Finding Great Mentors

Finding Great Mentors

darwinapps
7 April 2017

Like most, I was lost and confused my freshman year of college. I had moved across the country to a city I had never spent more than a handful of days in, surrounded by thousands of strangers who seemed so much smarter and more experienced. And, I was set to embark on a four-year adventure with many potential outcomes. One thing I knew, was that I was interested in entrepreneurship, though I had no idea where to start.

Then I met Neil and Arthur.

Neil Shah and Arthur Woods were seniors at the time, and both were entrepreneurs as well—a couple of years prior, Neil started a fair trade tea company, and Arthur launched a farmers market delivery service. Those are notable achievements, but what made Neil and Arthur stand out from the typical college students with senioritis, was their penchant for mentorship. They painstakingly started a social entrepreneurship fellowship program that would take in 10-15 freshmen each year, expose them to local industry leaders, and help them get their own ventures started.

Neil and Arthur, circa 2009

Within the first few weeks of college, and with a bit of dumb luck, I was accepted into their fellowship—and Neil and Arthur quickly took me under their respective wings. Over countless coffee sessions, the two embedded in me the fundamentals I still carry to this day—how to talk to customers, how to follow up after meetings, how to be productive, and so much more. The opportunity to be in their presence alone was inspiring.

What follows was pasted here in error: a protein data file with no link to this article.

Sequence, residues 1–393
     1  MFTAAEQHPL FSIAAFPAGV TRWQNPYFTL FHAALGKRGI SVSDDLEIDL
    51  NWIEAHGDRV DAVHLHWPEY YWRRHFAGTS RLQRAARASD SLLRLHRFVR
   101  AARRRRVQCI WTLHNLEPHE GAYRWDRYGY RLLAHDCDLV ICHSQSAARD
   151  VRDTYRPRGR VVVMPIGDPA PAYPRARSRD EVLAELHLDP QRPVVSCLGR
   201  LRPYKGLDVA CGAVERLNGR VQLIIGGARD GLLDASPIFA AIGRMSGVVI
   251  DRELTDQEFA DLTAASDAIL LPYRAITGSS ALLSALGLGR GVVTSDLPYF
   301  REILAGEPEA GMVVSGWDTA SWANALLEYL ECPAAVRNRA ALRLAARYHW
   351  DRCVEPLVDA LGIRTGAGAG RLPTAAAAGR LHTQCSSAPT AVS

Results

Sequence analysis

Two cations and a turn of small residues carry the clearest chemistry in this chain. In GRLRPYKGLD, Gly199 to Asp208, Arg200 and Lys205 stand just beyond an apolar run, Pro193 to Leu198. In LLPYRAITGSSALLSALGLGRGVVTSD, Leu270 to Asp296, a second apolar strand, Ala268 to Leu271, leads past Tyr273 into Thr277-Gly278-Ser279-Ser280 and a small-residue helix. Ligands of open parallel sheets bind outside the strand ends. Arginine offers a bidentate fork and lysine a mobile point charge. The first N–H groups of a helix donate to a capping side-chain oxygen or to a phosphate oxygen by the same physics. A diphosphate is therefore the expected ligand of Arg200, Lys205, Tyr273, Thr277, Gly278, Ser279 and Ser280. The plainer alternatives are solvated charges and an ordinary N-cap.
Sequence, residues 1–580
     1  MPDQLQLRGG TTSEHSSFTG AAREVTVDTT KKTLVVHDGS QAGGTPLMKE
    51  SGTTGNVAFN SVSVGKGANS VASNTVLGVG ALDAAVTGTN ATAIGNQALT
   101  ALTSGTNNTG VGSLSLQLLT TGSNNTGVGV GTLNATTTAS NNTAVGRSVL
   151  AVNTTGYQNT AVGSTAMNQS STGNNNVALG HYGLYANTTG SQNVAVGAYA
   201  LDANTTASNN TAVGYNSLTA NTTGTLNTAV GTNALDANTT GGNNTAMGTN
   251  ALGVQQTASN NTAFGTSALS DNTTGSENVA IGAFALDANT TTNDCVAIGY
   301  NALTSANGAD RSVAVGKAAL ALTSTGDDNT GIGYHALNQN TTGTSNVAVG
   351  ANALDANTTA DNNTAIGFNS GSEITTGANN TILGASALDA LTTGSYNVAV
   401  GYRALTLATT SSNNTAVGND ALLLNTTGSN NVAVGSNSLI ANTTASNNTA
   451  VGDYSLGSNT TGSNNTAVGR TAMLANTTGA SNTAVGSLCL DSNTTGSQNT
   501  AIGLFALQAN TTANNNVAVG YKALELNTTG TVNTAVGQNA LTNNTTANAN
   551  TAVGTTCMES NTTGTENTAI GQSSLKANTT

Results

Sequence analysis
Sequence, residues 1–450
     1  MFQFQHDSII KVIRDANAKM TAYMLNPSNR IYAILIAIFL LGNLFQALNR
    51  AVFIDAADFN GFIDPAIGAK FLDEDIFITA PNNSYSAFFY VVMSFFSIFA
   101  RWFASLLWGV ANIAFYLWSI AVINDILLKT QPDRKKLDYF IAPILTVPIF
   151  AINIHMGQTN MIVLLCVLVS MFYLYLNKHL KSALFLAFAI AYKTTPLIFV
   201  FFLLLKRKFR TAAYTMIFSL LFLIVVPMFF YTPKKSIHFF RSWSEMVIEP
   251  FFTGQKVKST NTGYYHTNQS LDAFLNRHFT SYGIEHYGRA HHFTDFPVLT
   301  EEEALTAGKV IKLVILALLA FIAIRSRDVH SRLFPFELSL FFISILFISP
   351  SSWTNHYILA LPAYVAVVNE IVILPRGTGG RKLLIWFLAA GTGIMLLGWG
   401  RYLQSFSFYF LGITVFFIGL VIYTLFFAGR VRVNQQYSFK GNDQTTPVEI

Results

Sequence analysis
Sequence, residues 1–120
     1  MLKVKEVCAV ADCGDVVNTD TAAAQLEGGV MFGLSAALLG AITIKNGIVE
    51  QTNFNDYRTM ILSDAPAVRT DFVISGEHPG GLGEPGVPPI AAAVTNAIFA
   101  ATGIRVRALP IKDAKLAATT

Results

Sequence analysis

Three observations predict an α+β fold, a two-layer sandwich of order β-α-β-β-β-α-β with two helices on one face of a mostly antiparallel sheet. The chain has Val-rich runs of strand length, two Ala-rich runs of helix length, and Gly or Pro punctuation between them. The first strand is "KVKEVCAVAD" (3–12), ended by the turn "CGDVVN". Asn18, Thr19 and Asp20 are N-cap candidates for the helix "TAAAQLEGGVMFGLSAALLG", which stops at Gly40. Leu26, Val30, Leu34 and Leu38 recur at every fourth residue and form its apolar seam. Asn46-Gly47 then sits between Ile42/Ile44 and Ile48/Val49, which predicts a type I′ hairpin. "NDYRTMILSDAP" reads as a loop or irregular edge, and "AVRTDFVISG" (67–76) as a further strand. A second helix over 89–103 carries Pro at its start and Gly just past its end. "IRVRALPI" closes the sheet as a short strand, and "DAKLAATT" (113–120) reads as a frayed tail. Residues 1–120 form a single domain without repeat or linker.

There’s no chance I’d be the person I am today without their help, and it’s made me embrace the insane value of having mentors. A great mentor is like the ultimate self-help book: a book that not only gives you tips but adapts its advice to meet you exactly where you are in life. After meeting with a great mentor, I walk away feeling like downloaded a whole set of lessons—information from experiences, tips on what to do and what to avoid—into my brain, ready for action. They’re so important I wrote an ode to them after our acquisition!

sonny-wedding-mba.jpg

One of our favorite Encore mentors, Sonny Ganguly

What’s surprising to me is how few of my friends and colleagues seem to have mentors or at least ones they keep in regular touch with. Whether you’re starting a company or trying to excel at work or school, I promise having a few great mentors will be one of the best decisions you’ll ever make.

One quick, but important, note about mentors: most people would be super happy to be a mentor. You may feel like you’re being annoying or taking up someone’s time, but it’s not usually the case. You’re providing them with an opportunity to give back and, in the process of teaching, a mentor clarifies past thinking and learnings.

So, how do you find a great mentor?

What Kind of Mentor

First, you need to figure out what kind of mentor you’re looking for. Specifically, what do you need help with, and what kinds of experiences would a mentor ideally have in order to help you?

  • Career advice/self-improvement (i.e. recommendations on what to learn when leveling up, job opportunities, etc…)
  • A particular problem you’re trying to solve right now at work (i.e. stuck on sales, need legal advice, etc.)
  • Life (i.e. how to deal with certain family situations, etc.)

There are at least two levels of mentors to consider:

X + 1

To steal a phrase I learned from Arthur: I’ve found that some of the best mentors are “x + 1″—they’re people who are only a step further along in what you need help with. For example, the most helpful mentors for me right now are those who have recently successfully built a startup (ideally in B2B and with a similar type of contract size and customer).

My CEO Jørn Lyseggen is a great mentor as well

My CEO Jørn Lyseggen is a great mentor as well

Duke Chung started a customer service software company while in college and successfully sold it to Microsoft 14 years later. Every time I meet with him, I walk away with shivers because his advice is so poignant and relevant. Nemo Chu grew two internet companies from zero to 7-figure revenue numbers in 3 years. Each time I’ve met with him, my brain explodes because he knows how to push things to the limit.